3. The wire holder defined in claim 2, wherein the two supports have inwardly tapered notches therein to receive the wire wedgingly therein.
4. The wire holder defined in claim 2, wherein the yieldable resilient means has a resilient force which varies with deflection at a nonlinear rate materially greater than linear.
5. The wire holder defined in claim l, wherein the force-deflection characteristic of the resilient means is approximately a cube law relationship.
6. The wire holder defined in claim 2, wherein the two supports comprise projecting base member elements having inwardly tapered notches therein to receive the wire wedgingly therein, and
the yieldable resilient means has a force-deflection characteristic which is approximately a cube law relationship.
'7. A wire holder comprising' a base member adapted for mounting on an independent support and being of generally channel cross section with parallel flange portions notched at intervals along the length thereof to receive in corresponding respective notches wires extending across said base member and thereby to locate such wires in spaced relation to each other and to the independent support, a pressure bar or" a length sufficient to engage all of said wires, means pivoted on said base member at a location beyond the notches and carrying said pressure bar for swinging thereof from a position spaced appreciably outward from said wires, inwardly of said base member into a position of contact with said Wires generally between said flange portions to press such wires inwardly of said base member r and into said notches, yieldable resilient means operatively interposed between said pivoted means and said pressure bar and deformable by swinging of said pivoted means inwardly toward said base member following contact of said pressure bar with the wires, the resilient force of said resilient means, hence the pressure of said pressure bar against such wires increasing with further inward swinging of said pivoted means, a first securing element fixed on said base member at a distance from the pivot axis of said pivoted means, and a cooperating securing element carried by said pivoted means in position thereon to engage said first securing element upon inward swinging of said pivoted means into predetermined general spaced relation to said base member constituting the closed position of said pivoted means, established and maintained by engagement of said securing elements, the resulting pressure of said pressure bar on the wires, in the closed position of said pivoted means, and thereby the deformation of said wires between said flange portions being thereby established by said resilient means in accordance with the size of said wires received in said notches.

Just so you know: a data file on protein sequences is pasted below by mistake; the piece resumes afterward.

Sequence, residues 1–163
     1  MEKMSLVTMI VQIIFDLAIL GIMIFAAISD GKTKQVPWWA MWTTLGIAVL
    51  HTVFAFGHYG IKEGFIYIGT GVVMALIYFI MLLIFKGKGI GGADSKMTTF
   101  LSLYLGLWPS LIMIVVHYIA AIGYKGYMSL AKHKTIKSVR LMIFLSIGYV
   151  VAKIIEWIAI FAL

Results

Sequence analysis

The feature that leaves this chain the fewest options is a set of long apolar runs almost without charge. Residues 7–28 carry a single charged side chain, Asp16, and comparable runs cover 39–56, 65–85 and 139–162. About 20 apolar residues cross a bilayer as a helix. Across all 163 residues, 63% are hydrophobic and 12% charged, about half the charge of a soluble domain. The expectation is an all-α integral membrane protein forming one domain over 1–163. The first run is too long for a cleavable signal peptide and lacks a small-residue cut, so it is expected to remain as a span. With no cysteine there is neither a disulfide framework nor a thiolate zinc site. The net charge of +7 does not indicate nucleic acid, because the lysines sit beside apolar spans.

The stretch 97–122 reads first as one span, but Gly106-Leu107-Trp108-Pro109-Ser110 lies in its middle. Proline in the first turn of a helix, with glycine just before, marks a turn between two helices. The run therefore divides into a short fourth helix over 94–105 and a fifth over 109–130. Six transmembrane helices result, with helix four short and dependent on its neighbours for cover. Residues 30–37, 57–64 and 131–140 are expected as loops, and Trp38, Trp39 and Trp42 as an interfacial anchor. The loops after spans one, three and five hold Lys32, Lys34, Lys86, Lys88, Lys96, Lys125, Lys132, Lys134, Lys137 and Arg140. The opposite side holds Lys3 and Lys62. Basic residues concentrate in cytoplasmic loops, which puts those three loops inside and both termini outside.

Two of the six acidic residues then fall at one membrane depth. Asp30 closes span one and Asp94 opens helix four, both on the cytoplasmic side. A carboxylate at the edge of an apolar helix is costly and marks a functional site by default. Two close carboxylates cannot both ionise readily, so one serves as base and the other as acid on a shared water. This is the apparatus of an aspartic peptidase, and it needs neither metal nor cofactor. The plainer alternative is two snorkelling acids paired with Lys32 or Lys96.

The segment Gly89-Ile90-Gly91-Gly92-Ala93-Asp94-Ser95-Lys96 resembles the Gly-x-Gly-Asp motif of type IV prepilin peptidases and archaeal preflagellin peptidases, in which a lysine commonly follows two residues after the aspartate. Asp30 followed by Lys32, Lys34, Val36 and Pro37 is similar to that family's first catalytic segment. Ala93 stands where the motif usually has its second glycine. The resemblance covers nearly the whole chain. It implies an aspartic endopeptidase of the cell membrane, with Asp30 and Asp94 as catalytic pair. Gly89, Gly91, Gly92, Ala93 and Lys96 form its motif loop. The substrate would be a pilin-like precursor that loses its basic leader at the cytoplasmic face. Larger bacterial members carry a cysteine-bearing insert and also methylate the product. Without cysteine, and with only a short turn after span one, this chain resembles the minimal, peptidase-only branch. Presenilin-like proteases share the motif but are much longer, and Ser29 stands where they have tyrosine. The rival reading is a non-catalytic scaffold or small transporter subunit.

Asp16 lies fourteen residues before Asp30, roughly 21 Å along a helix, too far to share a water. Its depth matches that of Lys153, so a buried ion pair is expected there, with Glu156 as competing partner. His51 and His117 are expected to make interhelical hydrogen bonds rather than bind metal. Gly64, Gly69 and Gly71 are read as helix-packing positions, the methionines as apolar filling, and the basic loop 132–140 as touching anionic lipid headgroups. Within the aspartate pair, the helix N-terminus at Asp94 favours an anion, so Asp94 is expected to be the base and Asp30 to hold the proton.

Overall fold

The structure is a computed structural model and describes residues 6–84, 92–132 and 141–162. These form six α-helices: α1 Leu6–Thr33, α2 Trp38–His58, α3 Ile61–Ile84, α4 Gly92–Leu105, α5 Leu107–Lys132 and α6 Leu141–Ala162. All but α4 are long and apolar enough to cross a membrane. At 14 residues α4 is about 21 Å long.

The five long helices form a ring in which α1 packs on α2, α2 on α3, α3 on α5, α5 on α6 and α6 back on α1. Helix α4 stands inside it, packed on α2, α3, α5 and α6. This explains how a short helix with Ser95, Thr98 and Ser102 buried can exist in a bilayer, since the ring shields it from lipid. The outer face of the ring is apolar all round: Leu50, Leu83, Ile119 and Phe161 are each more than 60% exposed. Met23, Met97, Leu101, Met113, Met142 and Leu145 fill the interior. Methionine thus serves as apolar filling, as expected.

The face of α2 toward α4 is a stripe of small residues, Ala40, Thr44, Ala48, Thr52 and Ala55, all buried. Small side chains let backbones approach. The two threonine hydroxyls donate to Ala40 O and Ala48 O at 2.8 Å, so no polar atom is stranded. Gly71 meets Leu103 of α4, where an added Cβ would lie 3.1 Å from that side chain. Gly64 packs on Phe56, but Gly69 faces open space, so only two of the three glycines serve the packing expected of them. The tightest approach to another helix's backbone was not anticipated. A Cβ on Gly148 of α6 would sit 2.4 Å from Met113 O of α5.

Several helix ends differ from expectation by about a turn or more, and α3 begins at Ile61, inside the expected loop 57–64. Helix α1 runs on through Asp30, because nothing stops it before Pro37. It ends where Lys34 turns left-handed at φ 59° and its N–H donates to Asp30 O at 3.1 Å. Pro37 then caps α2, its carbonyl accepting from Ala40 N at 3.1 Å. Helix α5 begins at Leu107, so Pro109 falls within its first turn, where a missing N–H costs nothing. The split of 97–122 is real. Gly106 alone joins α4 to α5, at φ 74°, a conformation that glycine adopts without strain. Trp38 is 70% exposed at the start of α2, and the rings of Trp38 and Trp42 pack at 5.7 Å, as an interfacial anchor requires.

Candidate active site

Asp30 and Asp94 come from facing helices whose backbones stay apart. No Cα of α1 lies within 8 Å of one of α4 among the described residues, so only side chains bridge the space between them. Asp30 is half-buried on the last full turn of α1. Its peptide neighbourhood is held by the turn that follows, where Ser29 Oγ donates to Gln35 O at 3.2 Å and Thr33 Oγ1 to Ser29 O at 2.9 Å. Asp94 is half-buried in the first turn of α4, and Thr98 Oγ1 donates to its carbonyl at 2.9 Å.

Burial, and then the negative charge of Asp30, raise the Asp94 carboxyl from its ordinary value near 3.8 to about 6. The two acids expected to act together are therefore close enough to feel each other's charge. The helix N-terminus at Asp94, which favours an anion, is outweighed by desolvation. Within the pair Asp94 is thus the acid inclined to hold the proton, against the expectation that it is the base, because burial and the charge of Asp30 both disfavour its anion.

8. The wire holder defined in claim 7, wherein the notches are tapered inwardly of the respective flange portions for wedging of the respective wires into said notches under pressure from the pressure bar.